Should I loan money to a friend for their divorce?
Written by Michael Juilfs

Should I loan money to a friend for their divorce?

If you’ve never been through a divorce, it can be surprising to find out a friend hasn’t officially ended their marriage. You may think, what’s the holdup? The quick answer: divorces aren’t cheap. According to a CBS report, the national average cost for a divorce is $15,000 to $20,000 per party. That doesn’t even include what a divorce may cost in time away from your job, relocating or counseling sessions.

So, what happens if a friend asks you for a loan for their divorce? Do you automatically give it to them? Do you say no and risk damaging your friendship? Will you damage the friendship if you say yes?  Here are some factors to consider if you want to loan money to a friend for their divorce.

Should You Loan Money to a Friend for Their Divorce?

There is no easy answer to this question. It’s something you need to look at from all angles; not just financially, but emotionally as well. Before you consider loaning money to a friend, first ask yourself if you can afford it. If the money is never repaid, will this create a hardship for you? If you are financially able to loan the money, consider these points:

  • Will it harm your friendship? What are your expectations? If your friend can’t pay you back quickly, will that be a problem for you? What if they never pay you back because their situation goes from bad to worse? What if they seem to have money for vacations, going out, or a new car – but still don’t pay you back?  Look at all the potential outcomes so you can make a decision that works for you. Money is already a fairly taboo subject. It is often a factor that leads to divorce. Will it harm your friendship, too?
  • Is this a pattern? Maybe this is your friend’s third divorce. Has borrowing money become a habit with them? You don’t want to judge, but giving them a loan may lead to the next marriage and divorce. It could be easy to feel resentful.
  • Will they let you pay the filing fees or attorney directly? If you want to make sure the money is for the divorce, you can request to pay the fees directly. This is a great way to make sure you know what you’re spending and where the money is going. Keep in mind that this doesn’t mean the attorney has any duty to you; their duty is to their client, not their client’s “benefactor.”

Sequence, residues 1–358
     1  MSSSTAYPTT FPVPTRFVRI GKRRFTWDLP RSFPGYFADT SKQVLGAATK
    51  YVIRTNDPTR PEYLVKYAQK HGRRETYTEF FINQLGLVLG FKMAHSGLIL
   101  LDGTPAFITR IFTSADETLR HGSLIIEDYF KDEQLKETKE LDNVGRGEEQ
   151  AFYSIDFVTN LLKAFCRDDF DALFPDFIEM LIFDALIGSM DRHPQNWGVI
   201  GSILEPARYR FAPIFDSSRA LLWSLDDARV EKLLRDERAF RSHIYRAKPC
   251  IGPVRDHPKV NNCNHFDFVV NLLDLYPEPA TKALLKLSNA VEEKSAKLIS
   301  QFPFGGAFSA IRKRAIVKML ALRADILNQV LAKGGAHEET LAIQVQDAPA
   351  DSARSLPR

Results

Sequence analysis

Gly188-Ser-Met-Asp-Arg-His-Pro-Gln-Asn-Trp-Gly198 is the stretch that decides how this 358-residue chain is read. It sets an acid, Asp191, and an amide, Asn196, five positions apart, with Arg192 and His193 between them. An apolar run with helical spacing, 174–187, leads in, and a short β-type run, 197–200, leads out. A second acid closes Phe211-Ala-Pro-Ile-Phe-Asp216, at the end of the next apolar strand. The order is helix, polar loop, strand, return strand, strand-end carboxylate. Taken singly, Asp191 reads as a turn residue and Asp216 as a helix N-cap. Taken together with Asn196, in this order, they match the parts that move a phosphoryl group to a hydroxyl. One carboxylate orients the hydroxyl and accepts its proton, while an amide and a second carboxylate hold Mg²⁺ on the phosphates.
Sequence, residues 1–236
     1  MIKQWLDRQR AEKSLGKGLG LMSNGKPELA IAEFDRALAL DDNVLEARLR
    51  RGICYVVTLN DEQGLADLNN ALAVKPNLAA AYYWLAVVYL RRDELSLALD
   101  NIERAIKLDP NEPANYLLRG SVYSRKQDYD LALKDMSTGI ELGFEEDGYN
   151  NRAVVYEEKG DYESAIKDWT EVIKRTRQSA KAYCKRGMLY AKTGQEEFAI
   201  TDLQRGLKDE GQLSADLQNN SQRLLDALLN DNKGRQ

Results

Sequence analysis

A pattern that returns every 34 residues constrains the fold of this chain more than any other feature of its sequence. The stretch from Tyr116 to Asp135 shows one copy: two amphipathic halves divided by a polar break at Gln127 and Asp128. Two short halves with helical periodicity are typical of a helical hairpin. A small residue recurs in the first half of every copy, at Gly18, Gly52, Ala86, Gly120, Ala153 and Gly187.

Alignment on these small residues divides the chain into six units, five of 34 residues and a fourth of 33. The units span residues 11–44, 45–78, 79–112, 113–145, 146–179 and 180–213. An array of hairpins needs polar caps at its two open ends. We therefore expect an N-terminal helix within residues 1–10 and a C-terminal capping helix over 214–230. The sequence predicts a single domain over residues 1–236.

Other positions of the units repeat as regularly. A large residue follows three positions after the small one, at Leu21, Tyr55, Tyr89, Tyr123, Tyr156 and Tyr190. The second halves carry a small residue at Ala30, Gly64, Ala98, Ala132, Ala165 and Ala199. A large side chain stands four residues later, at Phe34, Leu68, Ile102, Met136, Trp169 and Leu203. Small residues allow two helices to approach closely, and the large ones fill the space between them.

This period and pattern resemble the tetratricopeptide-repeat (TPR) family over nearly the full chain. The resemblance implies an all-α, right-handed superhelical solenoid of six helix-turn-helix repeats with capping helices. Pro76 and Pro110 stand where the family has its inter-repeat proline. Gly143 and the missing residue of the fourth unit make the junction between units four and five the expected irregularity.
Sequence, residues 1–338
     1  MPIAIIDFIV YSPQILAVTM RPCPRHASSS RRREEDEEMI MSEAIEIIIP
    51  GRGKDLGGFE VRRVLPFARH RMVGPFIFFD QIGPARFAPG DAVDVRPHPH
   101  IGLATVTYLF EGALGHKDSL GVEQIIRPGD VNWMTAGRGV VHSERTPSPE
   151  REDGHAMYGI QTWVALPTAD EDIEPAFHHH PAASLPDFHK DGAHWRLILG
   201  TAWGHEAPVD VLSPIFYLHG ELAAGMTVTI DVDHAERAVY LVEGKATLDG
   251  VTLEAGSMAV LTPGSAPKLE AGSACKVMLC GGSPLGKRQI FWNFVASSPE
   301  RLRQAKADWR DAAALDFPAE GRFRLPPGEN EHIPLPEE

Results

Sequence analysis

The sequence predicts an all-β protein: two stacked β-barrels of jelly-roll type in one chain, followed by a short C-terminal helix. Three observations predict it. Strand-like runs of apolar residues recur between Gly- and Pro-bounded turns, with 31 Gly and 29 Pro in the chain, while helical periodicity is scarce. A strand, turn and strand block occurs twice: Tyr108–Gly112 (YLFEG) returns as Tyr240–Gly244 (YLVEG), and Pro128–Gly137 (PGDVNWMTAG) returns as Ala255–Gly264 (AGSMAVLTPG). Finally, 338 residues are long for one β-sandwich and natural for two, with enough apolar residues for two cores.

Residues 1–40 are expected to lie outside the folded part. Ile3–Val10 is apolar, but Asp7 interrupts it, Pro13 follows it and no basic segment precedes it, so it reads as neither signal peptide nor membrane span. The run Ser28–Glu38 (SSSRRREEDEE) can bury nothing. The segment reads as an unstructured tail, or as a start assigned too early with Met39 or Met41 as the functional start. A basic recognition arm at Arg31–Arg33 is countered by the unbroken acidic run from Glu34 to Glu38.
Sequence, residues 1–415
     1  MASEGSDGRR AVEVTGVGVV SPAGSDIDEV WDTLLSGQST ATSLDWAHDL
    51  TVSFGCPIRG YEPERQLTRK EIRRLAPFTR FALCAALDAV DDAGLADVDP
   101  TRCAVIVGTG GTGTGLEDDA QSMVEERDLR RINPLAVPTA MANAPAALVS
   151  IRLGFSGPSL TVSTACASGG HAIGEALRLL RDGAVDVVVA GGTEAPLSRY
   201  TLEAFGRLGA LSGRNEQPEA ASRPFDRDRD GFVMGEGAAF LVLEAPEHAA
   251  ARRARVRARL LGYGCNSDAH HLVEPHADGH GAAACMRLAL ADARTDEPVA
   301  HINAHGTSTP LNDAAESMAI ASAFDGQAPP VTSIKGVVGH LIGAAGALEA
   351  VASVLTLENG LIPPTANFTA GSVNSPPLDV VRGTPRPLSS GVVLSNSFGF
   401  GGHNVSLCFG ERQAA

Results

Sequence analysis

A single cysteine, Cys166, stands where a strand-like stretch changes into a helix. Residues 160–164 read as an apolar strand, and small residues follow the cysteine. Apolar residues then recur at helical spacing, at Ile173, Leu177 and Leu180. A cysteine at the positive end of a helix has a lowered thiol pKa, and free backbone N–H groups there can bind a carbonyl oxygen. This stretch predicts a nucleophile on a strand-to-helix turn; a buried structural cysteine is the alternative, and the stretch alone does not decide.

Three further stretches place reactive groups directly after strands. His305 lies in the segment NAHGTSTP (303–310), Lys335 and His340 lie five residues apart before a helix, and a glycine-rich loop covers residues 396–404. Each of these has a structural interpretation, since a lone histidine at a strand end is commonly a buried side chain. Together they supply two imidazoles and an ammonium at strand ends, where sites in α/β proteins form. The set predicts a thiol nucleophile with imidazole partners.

• Will it have a positive impact? Healthy friendships are wonderful. If your friendship has been long-term and balanced, loaning them the money they need may have a beneficial and positive impact. Both you and your friend can feel good when you take the step to loan money to a friend for their divorce.

It’s a Personal Decision

Just because you can doesn’t mean you should.  Giving your friend a loan is a deeply personal choice and one that should be carefully considered. Your decision comes with expectations for both you and your friend – be sure that you are both on the same page.

If you decide to loan your friend money, be sure to put your agreement in writing – including the amount borrowed, the interest rate (if any), and the expected repayment terms. While this step may seem very formal, it is vital to set the expectations for both you and to create a record of the debt for the Court.

You may also want to talk with your friend about how to reduce the overall cost of their divorce.

For example, a collaborative divorce keeps divorcing couples out of court. It offers a way to save time, money and emotional energy. Of course, both spouses must be willing to compromise and follow the collaborative process for it to succeed.

Contact the Professionals

Most of what couples deal with during a divorce relates to finances. One of the professionals that may be brought in to a collaborative divorce is a financial neutral. They can help explain tax consequences and budget strategies the couples may not have considered and they can work with the collaborative team to help the couple brainstorm settlement ideas to meet their mutual goals as they move on to the next phase of their lives.

If you or someone you know is ready to learn more about starting the divorce process, contact a Best Legal Choices professional today.